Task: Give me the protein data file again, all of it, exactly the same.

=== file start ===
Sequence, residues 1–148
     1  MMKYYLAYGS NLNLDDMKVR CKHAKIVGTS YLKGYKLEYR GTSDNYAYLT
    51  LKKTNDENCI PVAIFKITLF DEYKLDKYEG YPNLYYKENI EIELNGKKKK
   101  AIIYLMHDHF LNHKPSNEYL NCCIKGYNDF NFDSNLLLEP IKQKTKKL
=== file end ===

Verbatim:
Sequence, residues 1–148
     1  MMKYYLAYGS NLNLDDMKVR CKHAKIVGTS YLKGYKLEYR GTSDNYAYLT
    51  LKKTNDENCI PVAIFKITLF DEYKLDKYEG YPNLYYKENI EIELNGKKKK
   101  AIIYLMHDHF LNHKPSNEYL NCCIKGYNDF NFDSNLLLEP IKQKTKKL